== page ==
Savoia Marchetti SM.81. Italeri have re-released Supermodels SM.81 kit with improved, engraved panel lines and fabric detail. Falcon produced replacement canopy parts that can further enhance its overall appearance. For the Alfa Romeo engined version, the engine should be replaced by more accurate aftermarket versions as the kit parts are rather generic. Old Wings produced a resin conversion to an SM.73 and Tauro provide details on their Ala Littoria decal sheet on how to convert the Italeri/Supermodel kit.

Savoia Marchetti SM.82. One the finest purpose built transports of WWII. The Germans commandeered about half for use in the Luftwaffe. Based on the SM.75 airframe, the concept was the brainchild of Italo Balbo. Italeri have produced a 1/72 kit and is definitely worth adding to any Regia Aeronautica model collection. However the flaps and bomb bay doors are tricky to assemble in the closed position and the cowls are rather poorly shaped.

Savoia Marchetti SM.84. The SM.84 was to be the replacement for the S.79 but it was unpopular with its crews. Therefore the S.79 remained in service with the SM.84 used in a supporting role. Now OOP, the Aviation USK model was a decent enough kit, although not without the usual limited-run shortcomings. It has hardly any interior detail, although it doesn't matter really as all the windows are very small. The cockpit canopy comes in two halves which require careful assembly in order to get a good smooth join. The engine cowlings are a bit tricky to align. The decals are very nicely printed and Skymodels have produced additional markings. Jean Barby’s expert build of Alitalianes ambitious 1/48 resin kit, now OOP, can be seen on the stormomagazine website. SEM Models currently have a 1/48 resin in their catalogue but it is pricey.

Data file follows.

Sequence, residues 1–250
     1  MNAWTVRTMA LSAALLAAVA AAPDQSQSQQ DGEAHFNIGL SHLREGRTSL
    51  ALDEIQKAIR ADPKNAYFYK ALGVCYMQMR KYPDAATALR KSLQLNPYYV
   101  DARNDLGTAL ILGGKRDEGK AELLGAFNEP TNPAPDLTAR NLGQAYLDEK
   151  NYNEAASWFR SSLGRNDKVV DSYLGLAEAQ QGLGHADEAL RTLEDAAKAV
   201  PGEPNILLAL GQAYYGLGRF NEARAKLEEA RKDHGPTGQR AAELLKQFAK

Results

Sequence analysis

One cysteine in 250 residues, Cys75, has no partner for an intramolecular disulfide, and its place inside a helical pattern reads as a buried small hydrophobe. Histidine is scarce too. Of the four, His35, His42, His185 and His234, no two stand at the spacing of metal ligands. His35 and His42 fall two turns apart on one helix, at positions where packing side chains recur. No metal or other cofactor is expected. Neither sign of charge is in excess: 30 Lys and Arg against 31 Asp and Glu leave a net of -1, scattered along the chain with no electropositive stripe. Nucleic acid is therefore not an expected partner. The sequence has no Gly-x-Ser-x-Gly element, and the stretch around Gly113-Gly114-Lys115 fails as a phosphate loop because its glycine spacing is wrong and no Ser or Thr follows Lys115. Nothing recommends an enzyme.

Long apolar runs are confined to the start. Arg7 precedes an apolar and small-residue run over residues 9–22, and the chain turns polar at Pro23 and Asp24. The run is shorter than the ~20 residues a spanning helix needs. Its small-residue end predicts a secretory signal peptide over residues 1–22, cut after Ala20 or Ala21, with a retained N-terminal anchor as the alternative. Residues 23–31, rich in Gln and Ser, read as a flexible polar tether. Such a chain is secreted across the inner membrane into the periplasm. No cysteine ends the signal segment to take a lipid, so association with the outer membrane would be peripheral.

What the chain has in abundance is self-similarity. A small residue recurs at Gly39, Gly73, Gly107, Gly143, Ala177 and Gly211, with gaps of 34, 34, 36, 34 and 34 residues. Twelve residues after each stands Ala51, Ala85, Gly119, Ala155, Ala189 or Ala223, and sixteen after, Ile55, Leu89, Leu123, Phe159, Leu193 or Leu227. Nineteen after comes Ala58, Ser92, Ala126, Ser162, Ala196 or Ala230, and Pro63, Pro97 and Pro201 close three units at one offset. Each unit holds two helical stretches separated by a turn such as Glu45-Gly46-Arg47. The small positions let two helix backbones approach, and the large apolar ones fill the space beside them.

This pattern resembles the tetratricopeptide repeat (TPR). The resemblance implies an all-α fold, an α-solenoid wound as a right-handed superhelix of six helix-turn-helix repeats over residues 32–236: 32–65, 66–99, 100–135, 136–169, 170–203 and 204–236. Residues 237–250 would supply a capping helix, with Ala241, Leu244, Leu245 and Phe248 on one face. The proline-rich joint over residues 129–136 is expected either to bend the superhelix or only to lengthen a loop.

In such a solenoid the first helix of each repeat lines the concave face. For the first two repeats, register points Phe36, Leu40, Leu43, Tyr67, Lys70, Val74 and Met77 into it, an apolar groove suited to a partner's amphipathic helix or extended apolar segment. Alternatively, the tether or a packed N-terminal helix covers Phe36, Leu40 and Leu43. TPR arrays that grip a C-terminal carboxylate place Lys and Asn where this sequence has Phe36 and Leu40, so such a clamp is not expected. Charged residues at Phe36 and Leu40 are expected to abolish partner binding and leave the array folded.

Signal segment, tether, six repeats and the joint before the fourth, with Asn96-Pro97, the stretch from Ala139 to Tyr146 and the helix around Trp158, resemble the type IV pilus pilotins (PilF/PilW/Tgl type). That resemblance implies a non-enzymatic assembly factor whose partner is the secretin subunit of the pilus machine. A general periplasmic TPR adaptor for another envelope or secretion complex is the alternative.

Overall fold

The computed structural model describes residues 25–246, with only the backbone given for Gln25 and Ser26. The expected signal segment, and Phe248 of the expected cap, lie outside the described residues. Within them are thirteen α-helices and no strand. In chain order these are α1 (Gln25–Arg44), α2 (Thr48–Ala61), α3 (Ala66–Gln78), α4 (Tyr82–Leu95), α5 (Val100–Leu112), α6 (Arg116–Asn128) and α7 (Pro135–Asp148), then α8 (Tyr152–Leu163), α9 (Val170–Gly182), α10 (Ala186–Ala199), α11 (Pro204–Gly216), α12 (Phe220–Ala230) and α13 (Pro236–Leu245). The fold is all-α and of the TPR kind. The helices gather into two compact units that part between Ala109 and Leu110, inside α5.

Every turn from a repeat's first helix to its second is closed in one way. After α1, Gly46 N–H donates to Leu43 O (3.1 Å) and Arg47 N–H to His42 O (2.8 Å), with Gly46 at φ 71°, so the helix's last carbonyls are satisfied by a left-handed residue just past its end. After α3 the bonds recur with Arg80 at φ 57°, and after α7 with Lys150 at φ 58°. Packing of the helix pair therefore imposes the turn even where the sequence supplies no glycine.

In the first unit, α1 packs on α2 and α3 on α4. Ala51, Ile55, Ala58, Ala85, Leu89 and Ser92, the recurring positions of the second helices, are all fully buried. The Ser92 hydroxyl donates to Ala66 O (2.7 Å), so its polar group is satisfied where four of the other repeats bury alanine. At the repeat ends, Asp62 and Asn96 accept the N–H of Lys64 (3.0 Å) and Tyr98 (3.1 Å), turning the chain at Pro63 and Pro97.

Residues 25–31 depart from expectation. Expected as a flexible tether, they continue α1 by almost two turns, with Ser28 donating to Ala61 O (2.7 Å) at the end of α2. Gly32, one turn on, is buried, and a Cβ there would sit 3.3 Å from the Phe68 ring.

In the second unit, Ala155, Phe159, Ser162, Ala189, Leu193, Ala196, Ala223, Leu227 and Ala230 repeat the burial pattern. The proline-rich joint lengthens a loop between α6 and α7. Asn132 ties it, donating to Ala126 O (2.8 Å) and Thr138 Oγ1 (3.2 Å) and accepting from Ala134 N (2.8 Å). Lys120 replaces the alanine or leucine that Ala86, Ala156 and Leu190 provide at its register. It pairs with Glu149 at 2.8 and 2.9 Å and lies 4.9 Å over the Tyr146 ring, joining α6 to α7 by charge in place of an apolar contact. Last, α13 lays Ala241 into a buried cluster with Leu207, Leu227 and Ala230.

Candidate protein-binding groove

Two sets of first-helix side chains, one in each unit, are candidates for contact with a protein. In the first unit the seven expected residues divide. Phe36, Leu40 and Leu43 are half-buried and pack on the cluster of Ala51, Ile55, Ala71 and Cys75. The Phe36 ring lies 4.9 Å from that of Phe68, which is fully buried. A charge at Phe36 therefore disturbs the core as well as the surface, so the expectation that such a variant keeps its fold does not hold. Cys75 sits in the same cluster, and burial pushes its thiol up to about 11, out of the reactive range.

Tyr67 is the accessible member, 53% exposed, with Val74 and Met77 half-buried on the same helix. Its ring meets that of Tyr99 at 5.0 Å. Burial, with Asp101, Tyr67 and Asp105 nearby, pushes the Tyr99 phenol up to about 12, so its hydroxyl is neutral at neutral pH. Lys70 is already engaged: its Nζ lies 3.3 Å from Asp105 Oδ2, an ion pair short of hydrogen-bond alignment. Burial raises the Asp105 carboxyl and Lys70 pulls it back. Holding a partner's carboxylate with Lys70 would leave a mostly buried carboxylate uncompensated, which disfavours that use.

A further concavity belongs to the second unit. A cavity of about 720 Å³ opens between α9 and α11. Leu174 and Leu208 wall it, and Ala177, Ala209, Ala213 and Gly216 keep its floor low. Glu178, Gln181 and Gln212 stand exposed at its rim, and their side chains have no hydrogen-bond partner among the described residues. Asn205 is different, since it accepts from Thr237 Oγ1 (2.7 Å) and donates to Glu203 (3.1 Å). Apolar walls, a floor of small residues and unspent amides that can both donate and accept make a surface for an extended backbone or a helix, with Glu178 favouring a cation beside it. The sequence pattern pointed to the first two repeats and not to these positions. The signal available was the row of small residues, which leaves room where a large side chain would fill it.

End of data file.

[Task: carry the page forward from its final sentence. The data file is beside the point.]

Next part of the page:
Savoia Marchetti SM.85/86. The S.M.85 was Italy's only dedicated dive bomber design to have made it into service, albeit unsuccessfully... all were written off by 1941. RCR produced a 1/72 resin SM.85 and Alitaliane produced one in 1/48 scale. Both are OOP. LF Models issued 1/72 S.M.86 & SM.86W variants, both prototypes based on the SM.85, which were powered by Delta and Walter engines respectively.

Savoia Marchetti SM.87. A floatplane version of the SM.75 that saw service as a passenger plane by Ala Littoria. Only 4 built. Broplan released a 1/72 vacform model that was based on their SM.75 kit with the addition of floats and different engine detail. Aerofan #98 features an article on this aircraft.

Savoia Marchetti SM.89. A twin-engined prototype derived from the SM.84 trimotor, powered by Piaggio P.XII RC35 radials. Italiankits released a 1/72 resin kit of this aircraft under their Italian Wings label.

Savoia Marchetti SM.93. This is another one of Italy's dive-bomber prototypes, this one being somewhat unusual in that the pilot lay prone to prevent blackouts when pulling out of a dive. Tested by the Luftwaffe but abandoned in 1943. Legato issued a 1/72 resin kit but needed corrective work to get a accurate appearance. Aerofan #93 features an article on this aircraft.